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“Bite-Size Bits of Local, National, and Global History”
“Bite-Size Bits of Local, National, and Global History”
York in York County, Pennsylvania — The American Northeast (Mid-Atlantic)
 

The Underground Railroad and Precursors to War

 
 
The Underground Railroad and Precursors to War Marker image. Click for full size.
By Henry T. McLin, September 29, 2009
1. The Underground Railroad and Precursors to War Marker
Inscription. Among the events in the 1850s that helped drive the nation into civil war, the Christiana Riot put a controversial new law to a bloody test. The Fugitive Slave Act of 1850 ordered federal officers to arrest suspected runaway slaves; it also threatened imprisonment to anyone aiding a runaway. In 1851, Edward Gorsuch, a Maryland farmer, heard that four of his escaped slaves had been seen in southern Pennsylvania. With an armed posse, Gorsuch arrived at William Parker's Christiana home, where fugitives had been hiding. Parker, an escaped slave himself from Maryland, had passed first through York before settling in Christiana. After neighbors gathered to oppose the posse, Gorsuch was shot and killed. Federal authorities charged participants with treason, but all were acquitted. Southerners fumed over the verdict. John Brown's raid on the Federal arsenal in Harper's Ferry, Virginia, lit the country's already short fuse. The Federal force sent after Brown included York resident Lieutenant Michael P. Small. Among Brown's raiders was Osborne Perry Anderson who escaped to Chambersburg on foot. From there he turned to the Underground Railroad for safety. A local conductor, Freedman William C. Goodridge, hid him in York. Anderson eventually escaped to Canada.
 
Erected 2009 by Civil War Trails.
 
Marker series.
View looking Northwest from Center Square. image. Click for full size.
By Henry T. McLin, September 29, 2009
2. View looking Northwest from Center Square.
Marker in left center.
This marker is included in the Pennsylvania Civil War Trails marker series.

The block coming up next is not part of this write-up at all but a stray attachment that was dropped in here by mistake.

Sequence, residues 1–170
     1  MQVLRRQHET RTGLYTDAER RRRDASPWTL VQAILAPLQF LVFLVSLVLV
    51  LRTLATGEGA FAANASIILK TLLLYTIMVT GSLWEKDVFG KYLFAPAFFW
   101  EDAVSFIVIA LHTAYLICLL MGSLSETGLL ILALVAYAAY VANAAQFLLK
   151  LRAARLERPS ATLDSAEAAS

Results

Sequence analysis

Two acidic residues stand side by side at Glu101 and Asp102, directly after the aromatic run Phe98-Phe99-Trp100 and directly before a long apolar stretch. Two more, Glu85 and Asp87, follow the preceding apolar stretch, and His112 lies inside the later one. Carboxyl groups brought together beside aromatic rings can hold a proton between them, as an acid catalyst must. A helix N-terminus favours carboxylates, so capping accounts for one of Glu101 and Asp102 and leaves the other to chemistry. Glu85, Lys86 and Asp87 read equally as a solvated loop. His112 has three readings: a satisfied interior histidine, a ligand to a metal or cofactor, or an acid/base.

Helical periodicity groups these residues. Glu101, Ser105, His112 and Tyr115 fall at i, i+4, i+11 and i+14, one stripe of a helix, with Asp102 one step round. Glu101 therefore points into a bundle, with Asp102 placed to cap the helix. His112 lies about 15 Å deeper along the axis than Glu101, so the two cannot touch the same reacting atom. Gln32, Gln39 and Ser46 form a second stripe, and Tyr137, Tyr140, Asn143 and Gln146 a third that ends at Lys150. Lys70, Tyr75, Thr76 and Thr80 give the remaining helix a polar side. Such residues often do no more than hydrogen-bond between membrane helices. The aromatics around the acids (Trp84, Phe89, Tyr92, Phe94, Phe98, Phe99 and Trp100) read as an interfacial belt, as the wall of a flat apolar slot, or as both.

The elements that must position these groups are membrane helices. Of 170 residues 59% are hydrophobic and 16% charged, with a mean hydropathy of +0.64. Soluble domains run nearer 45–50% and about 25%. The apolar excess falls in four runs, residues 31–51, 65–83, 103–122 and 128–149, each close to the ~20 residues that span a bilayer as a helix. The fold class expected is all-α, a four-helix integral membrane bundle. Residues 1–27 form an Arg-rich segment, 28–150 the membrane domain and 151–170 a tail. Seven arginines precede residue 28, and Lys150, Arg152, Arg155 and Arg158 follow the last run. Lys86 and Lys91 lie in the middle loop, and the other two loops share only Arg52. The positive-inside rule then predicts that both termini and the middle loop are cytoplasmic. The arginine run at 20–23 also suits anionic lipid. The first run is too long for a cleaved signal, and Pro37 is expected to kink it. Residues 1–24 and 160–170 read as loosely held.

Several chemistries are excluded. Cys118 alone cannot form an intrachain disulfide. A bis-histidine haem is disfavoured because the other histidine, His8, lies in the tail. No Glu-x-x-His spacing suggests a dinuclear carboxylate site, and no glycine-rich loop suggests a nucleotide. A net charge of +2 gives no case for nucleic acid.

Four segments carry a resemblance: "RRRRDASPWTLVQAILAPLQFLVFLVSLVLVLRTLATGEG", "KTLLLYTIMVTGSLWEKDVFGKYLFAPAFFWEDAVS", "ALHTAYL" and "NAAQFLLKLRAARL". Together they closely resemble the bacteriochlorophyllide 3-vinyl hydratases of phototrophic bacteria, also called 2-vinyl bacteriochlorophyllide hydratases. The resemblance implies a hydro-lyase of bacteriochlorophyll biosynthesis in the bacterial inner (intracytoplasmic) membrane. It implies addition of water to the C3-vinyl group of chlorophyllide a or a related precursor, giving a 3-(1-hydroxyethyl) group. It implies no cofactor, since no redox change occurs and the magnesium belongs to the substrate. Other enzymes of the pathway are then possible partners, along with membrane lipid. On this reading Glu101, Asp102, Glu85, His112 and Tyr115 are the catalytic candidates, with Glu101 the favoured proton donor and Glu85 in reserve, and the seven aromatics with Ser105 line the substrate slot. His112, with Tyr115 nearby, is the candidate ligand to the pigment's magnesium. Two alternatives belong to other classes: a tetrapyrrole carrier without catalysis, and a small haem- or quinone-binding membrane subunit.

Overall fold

Location. 39° 57.749′ N, 76° 43.673′ W. Marker is in York, Pennsylvania, in York County. Marker is at the intersection of Market Street (Pennsylvania Route 462) and West Market Street and North George Street on Market Street. Click for map. Marker is in this post office area: York PA 17403, United States of America.
 
Other nearby markers. At least 8 other markers are within walking distance of this marker. Black Horse Tavern (a few steps from this marker); York surrenders to save city (a few steps from this marker); Articles of Confederation (a few steps from this marker); McClean House (within shouting distance of this marker); Continental Treasury (within shouting distance of this marker); Provincial Courthouse (within shouting distance of this marker); Globe Inn (within shouting distance of this marker); York and York County World War II Memorial (within shouting distance of this marker). Click for a list of all markers in York.
 
More about this marker. In the lower half of the marker is a portrait captioned, Osborne Perry Anderson, one of John Brown's raiders, escaped to Chambersburg following the 1859 raid on Harper's Ferry. Anderson was hidden in York by William Goodridge before escaping to Canada.
 
Categories. Abolition & Underground RRWar, US Civil
 
 
Credits. This page originally submitted on , by Henry T. McLin of Hanover, Pennsylvania. This page has been viewed 1,062 times since then and 27 times this year. Photos:   1, 2. submitted on , by Henry T. McLin of Hanover, Pennsylvania. • Craig Swain was the editor who published this page. This page was last revised on June 16, 2016.
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